London-based Feilden Fowles has been selected to design a new visitor center for the Yorkshire Sculpture Park (YSP). To be located on the southern entrance of the park on a hillside that used to be part of a quarry, the rammed-earth building will arise from the ground. The center aims to increase the park’s capacity, which currently receives over 400,000 visitors every year, and will include a 140-square-meter restaurant, a 125-square-meter gallery space, an 80-square-meter public foyer and a 50-square-meter shop.
The design incorporates passive strategies, using “un-fired clay bricks to provide a passive humidity buffer” in addition to “a highly insulated envelope, natural ventilation, air-source heat pump and a dense, acid moorland green roof.”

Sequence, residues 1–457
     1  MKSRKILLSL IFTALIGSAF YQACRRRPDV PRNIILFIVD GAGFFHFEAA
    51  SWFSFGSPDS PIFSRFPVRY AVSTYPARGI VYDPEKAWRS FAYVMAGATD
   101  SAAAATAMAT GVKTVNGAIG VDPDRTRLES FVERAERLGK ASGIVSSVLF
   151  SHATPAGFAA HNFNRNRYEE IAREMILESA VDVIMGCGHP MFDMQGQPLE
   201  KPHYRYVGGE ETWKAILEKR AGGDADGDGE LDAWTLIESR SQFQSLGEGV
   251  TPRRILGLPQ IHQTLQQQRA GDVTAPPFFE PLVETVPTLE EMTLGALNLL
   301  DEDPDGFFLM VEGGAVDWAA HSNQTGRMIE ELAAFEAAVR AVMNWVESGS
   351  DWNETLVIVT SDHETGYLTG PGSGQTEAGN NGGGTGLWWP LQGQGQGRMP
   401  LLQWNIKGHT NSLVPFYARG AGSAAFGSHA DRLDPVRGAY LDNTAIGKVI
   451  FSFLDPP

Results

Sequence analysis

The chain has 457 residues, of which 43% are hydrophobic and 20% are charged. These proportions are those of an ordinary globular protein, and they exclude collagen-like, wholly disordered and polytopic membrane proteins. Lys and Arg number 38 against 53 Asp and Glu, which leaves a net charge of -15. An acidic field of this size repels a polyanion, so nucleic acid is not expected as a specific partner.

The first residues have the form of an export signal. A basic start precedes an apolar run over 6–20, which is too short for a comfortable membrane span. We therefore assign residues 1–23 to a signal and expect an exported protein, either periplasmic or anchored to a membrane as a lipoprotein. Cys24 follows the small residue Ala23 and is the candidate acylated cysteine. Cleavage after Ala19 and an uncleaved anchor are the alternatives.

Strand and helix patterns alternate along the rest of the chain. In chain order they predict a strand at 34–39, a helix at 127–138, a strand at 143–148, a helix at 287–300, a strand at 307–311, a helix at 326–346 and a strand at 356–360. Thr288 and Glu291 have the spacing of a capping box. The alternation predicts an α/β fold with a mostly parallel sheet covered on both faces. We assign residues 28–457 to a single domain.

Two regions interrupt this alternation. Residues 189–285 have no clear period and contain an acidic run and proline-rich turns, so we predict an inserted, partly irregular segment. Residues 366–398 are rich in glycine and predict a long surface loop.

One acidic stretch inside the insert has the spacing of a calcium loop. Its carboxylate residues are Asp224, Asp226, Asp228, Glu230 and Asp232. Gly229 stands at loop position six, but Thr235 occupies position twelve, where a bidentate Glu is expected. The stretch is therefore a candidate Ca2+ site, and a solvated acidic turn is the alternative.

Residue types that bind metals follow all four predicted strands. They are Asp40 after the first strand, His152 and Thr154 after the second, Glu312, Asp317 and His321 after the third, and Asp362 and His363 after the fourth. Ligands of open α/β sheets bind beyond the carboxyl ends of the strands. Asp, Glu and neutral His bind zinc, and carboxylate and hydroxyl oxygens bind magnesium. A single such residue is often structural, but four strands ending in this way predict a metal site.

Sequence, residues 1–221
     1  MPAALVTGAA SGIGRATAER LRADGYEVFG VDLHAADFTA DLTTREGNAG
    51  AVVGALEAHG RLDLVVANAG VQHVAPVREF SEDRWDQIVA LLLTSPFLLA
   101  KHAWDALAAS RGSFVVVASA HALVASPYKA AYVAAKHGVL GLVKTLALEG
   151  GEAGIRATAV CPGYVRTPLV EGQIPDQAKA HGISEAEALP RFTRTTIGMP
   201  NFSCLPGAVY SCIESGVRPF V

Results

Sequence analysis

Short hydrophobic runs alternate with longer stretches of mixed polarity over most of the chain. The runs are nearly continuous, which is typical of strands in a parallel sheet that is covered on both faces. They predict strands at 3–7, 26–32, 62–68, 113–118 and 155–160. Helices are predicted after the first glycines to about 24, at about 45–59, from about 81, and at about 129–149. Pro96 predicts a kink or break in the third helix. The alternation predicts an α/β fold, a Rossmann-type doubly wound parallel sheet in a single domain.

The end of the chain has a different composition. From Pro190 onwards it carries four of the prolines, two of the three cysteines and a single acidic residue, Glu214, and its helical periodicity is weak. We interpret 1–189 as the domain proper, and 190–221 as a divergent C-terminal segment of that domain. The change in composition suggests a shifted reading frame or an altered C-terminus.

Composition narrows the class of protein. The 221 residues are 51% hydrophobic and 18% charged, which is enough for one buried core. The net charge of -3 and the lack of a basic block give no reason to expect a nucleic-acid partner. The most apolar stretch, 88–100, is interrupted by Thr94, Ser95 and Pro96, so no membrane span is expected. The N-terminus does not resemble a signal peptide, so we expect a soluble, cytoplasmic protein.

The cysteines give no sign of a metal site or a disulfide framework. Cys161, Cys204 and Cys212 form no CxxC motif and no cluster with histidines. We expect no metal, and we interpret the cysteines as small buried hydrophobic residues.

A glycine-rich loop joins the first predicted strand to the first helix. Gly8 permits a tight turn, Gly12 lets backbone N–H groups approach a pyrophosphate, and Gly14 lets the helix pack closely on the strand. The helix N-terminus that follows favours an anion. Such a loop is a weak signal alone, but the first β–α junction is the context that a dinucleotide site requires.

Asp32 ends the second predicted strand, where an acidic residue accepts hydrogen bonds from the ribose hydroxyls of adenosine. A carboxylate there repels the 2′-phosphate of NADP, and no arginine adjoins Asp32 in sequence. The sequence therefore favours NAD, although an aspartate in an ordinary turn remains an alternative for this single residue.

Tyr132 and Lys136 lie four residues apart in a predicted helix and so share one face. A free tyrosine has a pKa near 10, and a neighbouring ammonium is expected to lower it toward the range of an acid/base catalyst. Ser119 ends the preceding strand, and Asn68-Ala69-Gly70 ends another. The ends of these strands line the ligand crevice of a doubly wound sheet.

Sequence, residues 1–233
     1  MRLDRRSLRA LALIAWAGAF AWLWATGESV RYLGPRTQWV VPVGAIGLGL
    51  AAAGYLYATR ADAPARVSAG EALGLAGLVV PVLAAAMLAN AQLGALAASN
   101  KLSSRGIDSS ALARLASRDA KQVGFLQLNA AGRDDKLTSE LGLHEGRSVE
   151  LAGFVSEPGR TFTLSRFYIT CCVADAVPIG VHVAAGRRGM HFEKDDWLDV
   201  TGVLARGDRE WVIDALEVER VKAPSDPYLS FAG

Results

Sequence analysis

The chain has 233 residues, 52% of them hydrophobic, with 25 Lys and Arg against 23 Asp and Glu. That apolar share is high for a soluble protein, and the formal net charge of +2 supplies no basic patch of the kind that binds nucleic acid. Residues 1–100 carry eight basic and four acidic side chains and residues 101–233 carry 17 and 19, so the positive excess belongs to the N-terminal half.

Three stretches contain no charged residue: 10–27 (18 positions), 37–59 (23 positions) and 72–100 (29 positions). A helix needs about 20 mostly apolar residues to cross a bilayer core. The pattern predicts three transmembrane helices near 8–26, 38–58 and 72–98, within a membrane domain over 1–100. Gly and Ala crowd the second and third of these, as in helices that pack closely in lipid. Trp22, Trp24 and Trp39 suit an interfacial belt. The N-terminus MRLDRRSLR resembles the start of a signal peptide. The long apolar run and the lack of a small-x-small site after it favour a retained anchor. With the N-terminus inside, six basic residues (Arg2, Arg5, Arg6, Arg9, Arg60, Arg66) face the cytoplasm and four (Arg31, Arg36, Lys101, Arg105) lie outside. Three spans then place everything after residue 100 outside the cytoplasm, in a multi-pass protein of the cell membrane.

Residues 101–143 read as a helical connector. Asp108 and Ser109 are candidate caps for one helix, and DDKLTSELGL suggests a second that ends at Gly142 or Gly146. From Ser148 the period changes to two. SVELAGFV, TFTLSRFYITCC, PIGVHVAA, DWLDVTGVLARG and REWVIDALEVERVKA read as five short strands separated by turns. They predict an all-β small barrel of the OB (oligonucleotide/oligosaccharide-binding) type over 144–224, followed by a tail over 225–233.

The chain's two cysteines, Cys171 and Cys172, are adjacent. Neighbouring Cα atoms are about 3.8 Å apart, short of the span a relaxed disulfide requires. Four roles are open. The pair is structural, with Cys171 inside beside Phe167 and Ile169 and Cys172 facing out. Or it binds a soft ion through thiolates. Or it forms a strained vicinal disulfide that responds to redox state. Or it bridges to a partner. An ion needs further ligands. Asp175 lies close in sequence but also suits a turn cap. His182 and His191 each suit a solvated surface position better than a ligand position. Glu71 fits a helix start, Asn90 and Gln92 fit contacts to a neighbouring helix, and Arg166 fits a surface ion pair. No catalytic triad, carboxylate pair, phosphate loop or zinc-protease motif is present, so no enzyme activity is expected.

The new gallery space will feature a concrete, saw-tooth roof with translucent GRP panels, providing adequate lighting conditions for artwork displays.
“We are delighted to have won this prestigious new commission through competitive tender, to work with Yorkshire Sculpture Park. The project provides a unique opportunity for the practice to forge a building truly embedded within the landscape, resonating with both its natural context and the significant works of sculpture surrounding it,” said Edmund Fowles, Partner, Feilden Fowles.
The visitor center is part of a series of projects undertaken by the Yorkshire Sculpture Park, including the refurbishment of their Chapel, the opening of the Longside and Underground galleries, and the transformation of the Kennel Block into a learning center and café. Construction is expected to wrap up by 2017.
LocationYorkshire Sculpture Park, West Bretton, Wakefield, West Yorkshire WF4 4LG, United Kingdom
Landscape ArchitectsJonathan Cook
LocationYorkshire Sculpture Park, West Bretton, Wakefield, West Yorkshire WF4 4LG, UK
PhotographsCourtesy of Picture Plane